When Tikka Khan landed in the political turmoil of East Pakistan on 7 March 1971 as governor-designate of the province, he combined in himself the office of Martial Law Administrator (MLA) and General Officer Commanding in Chief Pakistan Eastern Command. The quantum of troops on the command Orbat was one infantry division, a training establishment at Chittagong, and attendant supporting arms and services. The Pakistani Air Force had only one Sabre F-86E squadron operating from Dacca airfield. There was a navy establishment at Chittagong, but the naval presence in East Pakistan waters was negligible.
14 Infantry Division, comprising four brigades, was the traditional formation located in the east wing from the inception of Pakistan to meet external and internal contingencies. At the time Tikka Khan took over, Maj Gen Khadim Hussain Raza was its commander. To cope with the Awami League-inspired insurgency, he deployed his troops in far-flung areas to show a presence and, should the situation demand, take firm action. 53 Infantry Brigade was located at Comilla and was operationally responsible for the entire area east of the Meghna river.
The armoured and artillery units had mixed rank and file, the ratio being 30 per cent of Bengalis to 70 per cent of West Pakistanis.
31 Punjab was stationed at Sylhet in the north, 2 East Bengal Regiment (EBR) at Brahmanbaria opposite Ashuganj, brigade headquarters, along with 4 EBR and 24 FFR Battalions, in the Comilla-Maynamati complex, and 20 Baluch with 8 and 9 EBR Battalions in the Chittagong area. In addition, there was the EBR Training Centre at Chittagong with about 2,500 instructors and recruits under training. This included the rank and file of 9 EBR, which was under raising at the time. 23 Infantry Brigade was operationally responsible for the northwestern sector, north and west of the Padma and Jamuna, with 25 Punjab at Rajshahi, 26 FFR at Dinajpur and EBR at Saidpur. 107 Infantry Brigade controlled the southwestern sector, south of the Padma and west of the Jamuna, with 25 Baluch and 1 EBR, later reinforced by 12 Punjab, at Jessore. 57 Infantry Brigade was concentrated in the general area of Dacca, with 2 EBR located in Joydebpur, north of Dacca.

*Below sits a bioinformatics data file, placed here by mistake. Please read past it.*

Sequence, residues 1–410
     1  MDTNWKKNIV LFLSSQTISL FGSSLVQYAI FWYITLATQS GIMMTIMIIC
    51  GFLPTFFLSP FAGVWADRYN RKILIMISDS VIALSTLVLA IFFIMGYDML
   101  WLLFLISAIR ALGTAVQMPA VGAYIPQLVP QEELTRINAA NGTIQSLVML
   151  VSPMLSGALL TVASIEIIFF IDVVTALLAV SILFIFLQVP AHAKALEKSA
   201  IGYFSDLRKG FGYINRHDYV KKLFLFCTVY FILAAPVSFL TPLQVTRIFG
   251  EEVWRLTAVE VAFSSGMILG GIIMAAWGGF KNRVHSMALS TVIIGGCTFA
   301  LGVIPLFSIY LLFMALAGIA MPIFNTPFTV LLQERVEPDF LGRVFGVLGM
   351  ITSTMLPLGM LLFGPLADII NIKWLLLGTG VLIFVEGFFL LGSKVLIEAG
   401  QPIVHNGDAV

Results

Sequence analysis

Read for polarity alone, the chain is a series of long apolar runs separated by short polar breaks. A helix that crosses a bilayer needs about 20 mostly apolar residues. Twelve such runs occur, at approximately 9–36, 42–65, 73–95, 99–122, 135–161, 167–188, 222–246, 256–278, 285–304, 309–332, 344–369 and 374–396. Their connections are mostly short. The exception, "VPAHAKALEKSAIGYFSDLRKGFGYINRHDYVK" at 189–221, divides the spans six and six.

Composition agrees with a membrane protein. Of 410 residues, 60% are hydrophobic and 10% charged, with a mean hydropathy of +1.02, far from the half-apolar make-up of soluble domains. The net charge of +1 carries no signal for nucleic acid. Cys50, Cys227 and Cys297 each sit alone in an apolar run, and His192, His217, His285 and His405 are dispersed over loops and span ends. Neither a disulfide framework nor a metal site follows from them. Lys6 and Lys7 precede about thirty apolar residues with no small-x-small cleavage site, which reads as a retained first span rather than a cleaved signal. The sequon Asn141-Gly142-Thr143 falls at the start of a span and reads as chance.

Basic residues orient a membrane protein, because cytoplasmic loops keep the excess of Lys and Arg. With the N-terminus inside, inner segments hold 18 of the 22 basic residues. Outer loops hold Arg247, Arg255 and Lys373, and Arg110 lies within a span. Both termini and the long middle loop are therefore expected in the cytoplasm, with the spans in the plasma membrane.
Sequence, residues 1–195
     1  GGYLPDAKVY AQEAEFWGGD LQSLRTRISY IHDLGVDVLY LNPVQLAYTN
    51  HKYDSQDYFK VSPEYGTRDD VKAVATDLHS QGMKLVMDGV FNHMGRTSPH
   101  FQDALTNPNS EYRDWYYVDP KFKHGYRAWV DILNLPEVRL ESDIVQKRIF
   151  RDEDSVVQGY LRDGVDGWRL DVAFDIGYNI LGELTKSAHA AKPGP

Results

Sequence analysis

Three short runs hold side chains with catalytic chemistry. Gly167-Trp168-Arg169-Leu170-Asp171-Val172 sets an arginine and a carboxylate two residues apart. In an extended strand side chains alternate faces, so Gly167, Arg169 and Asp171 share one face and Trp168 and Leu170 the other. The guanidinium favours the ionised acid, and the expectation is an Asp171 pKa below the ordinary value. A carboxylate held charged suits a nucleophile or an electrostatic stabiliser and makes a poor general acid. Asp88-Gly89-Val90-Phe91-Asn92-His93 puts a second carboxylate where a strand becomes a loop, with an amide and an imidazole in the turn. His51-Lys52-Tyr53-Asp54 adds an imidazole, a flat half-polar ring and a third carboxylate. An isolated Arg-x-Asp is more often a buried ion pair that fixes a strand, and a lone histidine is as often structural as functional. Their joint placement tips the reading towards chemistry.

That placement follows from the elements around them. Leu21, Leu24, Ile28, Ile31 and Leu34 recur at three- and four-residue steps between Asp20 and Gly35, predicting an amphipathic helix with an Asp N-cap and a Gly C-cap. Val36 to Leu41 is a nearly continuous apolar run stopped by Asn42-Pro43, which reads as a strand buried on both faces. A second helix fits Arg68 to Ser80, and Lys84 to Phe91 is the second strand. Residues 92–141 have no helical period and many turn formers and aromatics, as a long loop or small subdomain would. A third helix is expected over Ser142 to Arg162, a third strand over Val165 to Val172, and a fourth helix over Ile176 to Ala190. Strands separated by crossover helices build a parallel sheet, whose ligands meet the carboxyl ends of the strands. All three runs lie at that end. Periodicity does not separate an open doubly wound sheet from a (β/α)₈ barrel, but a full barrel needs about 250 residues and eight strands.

There were some supporting arms units, namely one armoured regiment, five field artillery regiments, one anti-aircraft regiment, and two mortar batteries. It may be presumed that they were also distributed along with their respective affiliated brigades. In addition, there were 16 wings of East Pakistan Rifles of a total strength of about 13,000, mostly manning outposts along the border with neighbouring countries.
The airlift was however halted on the threat of mutiny by the Bengali personnel of the Pakistani Air Force, constituting about half the strength of the force in East Pakistan.
Thus it may be seen that out of a total strength of 18 infantry battalions six were completely composed of Bengalis. Of the remaining 12 battalions, Bengalis formed about 30 per cent of the officer cadre in each unit. The armoured and artillery units had mixed rank and file, the ratio being 30 per cent of Bengalis to 70 per cent of West Pakistanis. Fazal Muqeem explains in his book that of the 12 West Pakistani battalions two were to return to the western wing on relief. As such, their strength was as low as 400 all told because large advance parties had been sent westward earlier.
The shortage of troops to implement the planned crackdown on the Bengali nationalists was realised by Gen Yaqub Khan, Tikka Khan’s predecessor, and he had asked for an additional division as early as the beginning of February. By the end of the month an infantry brigade from 16 Infantry Division at Quetta was earmarked for induction in East Pakistan. About two battalions were airlifted to Dacca without heavy weapons and baggage in reduced strength in the first week of March 1971. The airlift was however halted on the threat of mutiny by the Bengali personnel of the Pakistani Air Force, constituting about half the strength of the force in East Pakistan.
After the severe counter insurgency operations described earlier, whatever remained of the Pakistani Army and a few loyal elements of Bihari troops were committed to border defence.